The pill is 50, but not everyone’s celebrating
For women of my mother’s generation, the contraceptive pill represented freedom, protection, liberation and ultimately, the ability to decide what direction you wanted your life to take.
But on the eve of is 50th anniversary, I’m not convinced that you’ll find many women over the age of 25, who would be prepared to see the tiny little pill in the same way.
Because for a variety of different reasons, the pill has stopped making lots of women feel particularly good.
Dr Christiana Northrup wrote in the Huffington Post recently :
“The pill is the most-studied medication in history. Unfortunately, because it’s made from synthetic non-bio-identical hormones, it has more side effects than it should!”
I’ve just reached my thirties and of all the women I know in my age group that still take the pill, there’s a good number of others, who’ve willing tossed their packets in the bin and never felt more in control of their bodies.
Dr Deborah Bateson, a senior medical coordinator with the Family Planning NSW, said while it’s still our most preferred method of contraception, with 30 per cent of women choosing to take the pill, discontinuation rates are also very common, across all stages of the reproductive cycle.
So what accounts for the change?
Amongst my own peer-group, it’s the side-effects. Feelings of nausea, headaches, unusual moodiness, even a reduction in libido.
Price can also be a deterrent. Unless you take the more “traditional” forms of the pill, that I’m told cost between $5-$6 a pack, you can be forking out upwards of $30 per month for the “newer” generation of pills that may also have more “non-contraceptive” benefits for acne-prone skin or heavy periods.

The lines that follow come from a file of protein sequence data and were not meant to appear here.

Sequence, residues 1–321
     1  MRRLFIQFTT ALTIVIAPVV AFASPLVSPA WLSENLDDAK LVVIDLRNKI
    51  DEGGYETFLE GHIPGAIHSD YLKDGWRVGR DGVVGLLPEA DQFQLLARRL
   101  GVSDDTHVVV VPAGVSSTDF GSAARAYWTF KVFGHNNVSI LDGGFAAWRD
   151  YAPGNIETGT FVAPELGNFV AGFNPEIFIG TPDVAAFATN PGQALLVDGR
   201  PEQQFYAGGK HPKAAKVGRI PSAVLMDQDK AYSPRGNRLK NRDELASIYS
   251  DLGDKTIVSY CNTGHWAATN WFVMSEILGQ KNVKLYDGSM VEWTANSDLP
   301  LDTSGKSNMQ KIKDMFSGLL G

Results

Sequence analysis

And then there’s the genuine feeling of having “lost touch” with your own natural cycle, not to mention the fear of the effect prolonged use might have on your ability to fall pregnant.
Dr Christiana Northrup again:
“Many women still don’t have conscious dominion over their fertility, don’t appreciate their fertility cycles and aren’t in partnerships that respect these cycles either…We can use [the pill] to manipulate our menstrual cycles, avoiding periods altogether or on weekends. In short, it fits our cultural ideal.”
When I put these concerns to Dr Bateson, she agreed, that in her own experience, while some patients choose to discontinue the pill, as a step towards planning for pregnancy and wanting to understand their natural cycle; other women prefer not to have artificial hormones in their body, or simply want to try something new when they decide to swap contraceptive methods.
Ultimately, she said, deciding whether or not you should continue taking the pill should come down to having access to the right information, and a good understanding of your own body:
“There’s definitely no one-size fits all…Some women can start taking the pill as teenagers and may find they can carry on with the pill for as long as they need contraception, with no effect whatsoever, on their future fertility,” she said.
“While others will always seek other options to the pill, something they don’t have to remember every day, or a method with no hormones, for instance. But whatever it is, there are enough alternatives out there to ensure you can find something that’s tailored to you.”
And for all the things we still don’t know about the long-term effects of taking the pill, its very existence continues to inspire us with choice, when it comes to the way we want to live our lives, and that’s something we shouldn’t take for granted.
If you have any questions about contraceptives or sexual health generally, you can call the Family Planning Healthline on 1300 658 886.
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